The Market Will Drive Gutenberg Adoption

During the Q&A following the State of the Word in 2017, WordPress developer Kevin Hoffman asked a question about the prospect of developers having to support two different editing interfaces:

Hearing you suggest the Classic Editor plugin and different ways to undeclare support for Gutenberg leads me to this idea that we are headed towards a split admin interface with no finality to the transition, meaning that I don’t see a time in the future where everyone will be on Gutenberg. We will always have these people in classic mode. As plugin and theme developers, we will always have to support two different types of users. How do we reach that point where we are past the transition, however long it might take, where we can not have this box of chocolates effect where you click “edit post type” and you never know what you’re going to get?

Mullenweg said his hope and expectation, based on how this has worked out with new interfaces in the past, is that over time product developers would adopt the latest interface. He cited the Customizer as one example where one is now very hard-pressed to find a theme developer who is rolling their own options panel after the Customizer was introduced as the new standard. It was just three years ago in 2015 when WordPress.org began requiring theme options to be built using the Customizer and now it is used everywhere.

“The truth is, if you are a plugin or theme developer, people are going to expect things in Gutenberg, so you really need to develop for Gutenberg,” Mullenweg said. “And then, at some point, I’m totally ok if you drop support for the Classic [Editor]. There will be themes and plugins that will say you need to have Gutenberg, [WP] 5.0 or newer if you want to use this.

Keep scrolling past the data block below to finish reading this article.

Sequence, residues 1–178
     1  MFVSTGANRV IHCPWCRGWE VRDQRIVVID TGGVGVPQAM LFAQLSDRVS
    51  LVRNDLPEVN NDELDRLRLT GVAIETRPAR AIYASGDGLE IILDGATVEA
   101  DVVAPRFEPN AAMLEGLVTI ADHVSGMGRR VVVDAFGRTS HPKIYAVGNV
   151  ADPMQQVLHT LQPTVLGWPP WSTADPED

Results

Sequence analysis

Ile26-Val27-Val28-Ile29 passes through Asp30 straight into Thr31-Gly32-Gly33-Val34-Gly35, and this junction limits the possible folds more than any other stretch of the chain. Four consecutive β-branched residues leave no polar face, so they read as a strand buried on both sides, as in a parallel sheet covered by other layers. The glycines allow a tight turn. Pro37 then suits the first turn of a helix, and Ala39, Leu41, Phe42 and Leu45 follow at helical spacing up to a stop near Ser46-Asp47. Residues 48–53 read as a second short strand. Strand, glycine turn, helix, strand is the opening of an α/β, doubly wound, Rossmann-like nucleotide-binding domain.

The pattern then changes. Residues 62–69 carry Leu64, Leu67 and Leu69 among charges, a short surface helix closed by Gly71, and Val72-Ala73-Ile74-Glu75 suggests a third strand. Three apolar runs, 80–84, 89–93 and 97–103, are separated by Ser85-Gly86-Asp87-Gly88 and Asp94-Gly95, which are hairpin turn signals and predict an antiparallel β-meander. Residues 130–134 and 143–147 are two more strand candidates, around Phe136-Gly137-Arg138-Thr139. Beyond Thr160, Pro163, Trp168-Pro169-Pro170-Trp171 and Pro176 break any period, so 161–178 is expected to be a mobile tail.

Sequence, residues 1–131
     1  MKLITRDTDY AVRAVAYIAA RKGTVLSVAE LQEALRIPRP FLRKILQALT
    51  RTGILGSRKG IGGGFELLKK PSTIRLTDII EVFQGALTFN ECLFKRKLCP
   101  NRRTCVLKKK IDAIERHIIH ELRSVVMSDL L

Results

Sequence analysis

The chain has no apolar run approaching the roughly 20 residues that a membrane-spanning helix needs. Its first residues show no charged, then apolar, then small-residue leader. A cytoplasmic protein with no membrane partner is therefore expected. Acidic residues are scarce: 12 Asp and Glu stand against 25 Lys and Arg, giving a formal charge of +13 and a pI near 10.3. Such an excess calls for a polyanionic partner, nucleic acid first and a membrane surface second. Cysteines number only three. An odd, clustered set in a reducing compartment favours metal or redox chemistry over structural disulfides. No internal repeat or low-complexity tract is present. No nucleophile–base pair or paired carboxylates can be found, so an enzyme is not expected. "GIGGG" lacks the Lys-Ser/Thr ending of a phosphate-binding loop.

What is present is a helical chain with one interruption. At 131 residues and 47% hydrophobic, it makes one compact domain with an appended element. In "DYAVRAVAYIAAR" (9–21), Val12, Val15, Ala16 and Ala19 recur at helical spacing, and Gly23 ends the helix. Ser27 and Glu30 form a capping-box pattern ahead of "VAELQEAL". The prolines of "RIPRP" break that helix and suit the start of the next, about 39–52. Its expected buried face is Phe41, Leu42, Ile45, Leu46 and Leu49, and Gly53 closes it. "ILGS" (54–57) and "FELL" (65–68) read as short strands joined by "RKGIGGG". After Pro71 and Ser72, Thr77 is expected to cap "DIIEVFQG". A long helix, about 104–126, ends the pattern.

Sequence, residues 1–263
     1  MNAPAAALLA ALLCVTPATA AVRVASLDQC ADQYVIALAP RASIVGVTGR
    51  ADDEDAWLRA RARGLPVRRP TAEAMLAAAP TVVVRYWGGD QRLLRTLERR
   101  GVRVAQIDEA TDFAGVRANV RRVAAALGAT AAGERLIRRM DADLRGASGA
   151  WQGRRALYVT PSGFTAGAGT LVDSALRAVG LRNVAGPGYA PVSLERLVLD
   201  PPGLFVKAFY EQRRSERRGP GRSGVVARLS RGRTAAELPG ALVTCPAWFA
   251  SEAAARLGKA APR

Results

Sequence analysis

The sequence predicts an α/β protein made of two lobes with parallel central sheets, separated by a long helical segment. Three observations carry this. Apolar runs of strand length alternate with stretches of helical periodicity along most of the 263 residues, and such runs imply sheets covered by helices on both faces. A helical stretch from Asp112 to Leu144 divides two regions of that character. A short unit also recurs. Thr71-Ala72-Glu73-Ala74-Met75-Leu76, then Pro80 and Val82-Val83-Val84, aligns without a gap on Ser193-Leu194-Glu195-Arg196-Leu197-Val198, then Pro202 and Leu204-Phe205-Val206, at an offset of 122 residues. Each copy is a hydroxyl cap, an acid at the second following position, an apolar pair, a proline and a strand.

“We already have that existing now. Plugins only support so far back in PHP in WordPress. There will be plugins that don’t support under WordPress 5.0. It’s not going to be that much different from supporting different WordPress versions where people choose sometimes to go way way way back, sometimes a year or several years, and support WordPress 3.8 and 3.9. And some don’t bother anymore. There’s lots of APIs and other things that changed during that time. At some point you just have to make a cost benefit analysis and do things like maybe Yoast is doing for upgrading PHP, and say, ‘Hey, if you really want the best of this, check out this new thing.’”

As Gutenberg blocks become the standard way of extending WordPress’ editing and customization capabilities, the market will drive its adoption. This is already happening with new blocks and block collections being released every day. The new Gutenberg Block Library offers a glimpse of that and there are many more blocks on GitHub that are not yet commercially marketed.

During that December 2017 Q&A, developers seemed to be excited about the Gutenberg demos they had just seen but their uneasiness was palpable in their questions. Now, eight months later, the current proliferation of Gutenberg themes and plugins demonstrates that WordPress developers are ready to embrace the new editor and build the creative extensions that Gutenberg’s creators’ had always anticipated.

“I’m really looking forward to seeing what the design and developer community can build with it and where their imaginations can take us from there,” Gutenberg technical lead Matías Ventura said when I interviewed him in June. “Core is going to supply the infrastructure and the main building blocks but it’s everything that can be built around it that’s going to be exciting, as always with WordPress.”

The extension ecosystem that made WordPress a success in the first place is going to be a key influence in driving adoption for the new editor. Major players in the product market are not waiting to see how users react to the new editor before building their Gutenberg-compatible interfaces. Users may not be compelled by the writing experience, but Gutenberg’s block model will provide a better framework for site customization and a core standard for page builders that interface with WordPress. If the blocks pouring into the ecosystem right now are any indication, the plugin market surrounding Gutenberg is going to offer an exciting variety of tools for site building.